Canadians are heading to a restaurant with a renewed focus on service and decor
It is not exactly a usual business to design a restaurant in the middle of a global health crisis. But Allen Chan kept his eye on the future when he was tasked to oversee the interiors of the Toronto Ritz-Carlton’s new restaurant, Epoch Bar and Kitchen Terrace. At that time, he focused on the future rather than the current pandemic.
When the founding partner of Design Agency and his team proposed what should the future of hospitality be like hotel and dining look like, “we all agree to design the place according to our desire because COVID is something we will get passed.” he says.
It is not the only optimism of the Chan but Canada’s restaurant’s annual report on the state of the country’s restaurant industry forecasts growth for foodservice sales in 2022, shows revenues in nearly $80-billion, 3.8 per cent higher than pandemic levels.
What is more pleasing, in the May 2021, survey conducted by Angus Reid, 89 per cent of Canadians are impatiently waiting to go out to restaurants with friends and family while 64 per cent said it will be an important part of their lifestyle to go out to a restaurant once the pandemic subsides. In short: Canadians are waiting to return to restaurants, as the restaurants open, it is the decor and services that will be under focus not the impacts of the pandemic.
The recently opened Italian restaurant, Toronto’s Osteria Giulia, from Top Chef alum Robi Rossi and his partner, David Minicucci is a prime example in this context. Giulia occupies the same place that L’Unita, Minicucci and Rossi’s previous restaurant occupied in Toronto’s Yorkville neighbourhood but now there is no resemblance.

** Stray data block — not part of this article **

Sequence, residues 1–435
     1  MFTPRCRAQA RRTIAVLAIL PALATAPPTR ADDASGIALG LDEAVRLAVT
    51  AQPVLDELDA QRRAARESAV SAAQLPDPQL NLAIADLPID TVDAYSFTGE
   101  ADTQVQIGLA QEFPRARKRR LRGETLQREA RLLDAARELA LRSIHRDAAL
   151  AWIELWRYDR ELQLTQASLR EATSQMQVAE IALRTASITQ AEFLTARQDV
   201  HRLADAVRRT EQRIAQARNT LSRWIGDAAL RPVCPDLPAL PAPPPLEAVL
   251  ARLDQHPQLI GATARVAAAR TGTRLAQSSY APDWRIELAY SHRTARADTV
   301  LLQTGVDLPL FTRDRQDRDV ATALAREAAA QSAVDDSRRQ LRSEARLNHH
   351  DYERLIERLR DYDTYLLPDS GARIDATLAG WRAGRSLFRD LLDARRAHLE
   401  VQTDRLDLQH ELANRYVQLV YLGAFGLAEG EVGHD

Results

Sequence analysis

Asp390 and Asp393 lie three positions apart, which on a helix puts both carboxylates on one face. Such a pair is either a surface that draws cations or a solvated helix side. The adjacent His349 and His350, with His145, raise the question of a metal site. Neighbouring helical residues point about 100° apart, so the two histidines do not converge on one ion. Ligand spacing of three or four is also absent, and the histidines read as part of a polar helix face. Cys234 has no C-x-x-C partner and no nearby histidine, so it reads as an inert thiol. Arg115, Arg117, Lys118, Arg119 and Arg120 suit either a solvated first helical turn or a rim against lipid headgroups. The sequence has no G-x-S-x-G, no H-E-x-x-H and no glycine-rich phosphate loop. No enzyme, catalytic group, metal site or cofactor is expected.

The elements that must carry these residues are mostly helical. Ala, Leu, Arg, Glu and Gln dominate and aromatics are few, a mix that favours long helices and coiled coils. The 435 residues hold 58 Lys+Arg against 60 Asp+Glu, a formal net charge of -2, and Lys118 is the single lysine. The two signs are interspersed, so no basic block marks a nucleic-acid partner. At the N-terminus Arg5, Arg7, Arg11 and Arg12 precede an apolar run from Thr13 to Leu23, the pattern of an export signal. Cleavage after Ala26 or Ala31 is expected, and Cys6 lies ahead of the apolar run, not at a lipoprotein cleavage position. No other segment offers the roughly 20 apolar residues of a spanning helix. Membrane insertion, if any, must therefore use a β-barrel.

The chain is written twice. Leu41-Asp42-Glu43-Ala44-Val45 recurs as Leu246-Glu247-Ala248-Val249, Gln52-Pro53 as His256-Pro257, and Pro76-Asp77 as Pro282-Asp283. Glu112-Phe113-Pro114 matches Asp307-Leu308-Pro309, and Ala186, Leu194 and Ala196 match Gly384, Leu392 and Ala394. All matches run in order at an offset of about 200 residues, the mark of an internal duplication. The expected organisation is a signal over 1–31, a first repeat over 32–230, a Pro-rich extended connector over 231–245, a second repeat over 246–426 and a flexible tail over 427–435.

“We did not build any such thing COVID specific here,” Rossi says. Giulia has a dining room with a subtle colour palette, ecru walls, soft but sufficient lighting, Italian limestone, subtle hits of texture which can be seen everywhere in the luxe paper menu and fabric-covered walls.
Chan wants to introduce a few long term changes to restaurant design trends due to COVID. “There are certain restrictions and barriers created by a lot of people but I think they are going to be temporary,” he says.
Physical distancing is likely to end shortly. “It costs huge economic loss to your revenue model, especially, if it is a smaller space,” Chan says.
Still, some physical-distancing guidelines are in place. Most provinces allowed the restaurants to operate at 50-per cent-capacity but there is some visible variation concerning the number of people at each table (for example, no more than six people are allowed in British Colombia while up to 10 people are allowed in Prince Edward Prince).
“With dining-room restrictions beginning to ease and table size increasing, we feel largely worried that people would have become accustomed to free spaces and avoid sitting in closer quarters,” co-founder Brock Unger says. “So far as we have observed during the pandemic restrictions is that, overall, the public opinion seems to lean toward the contrary.”
Giulia’s Rossi and Minicucci are also counting on it.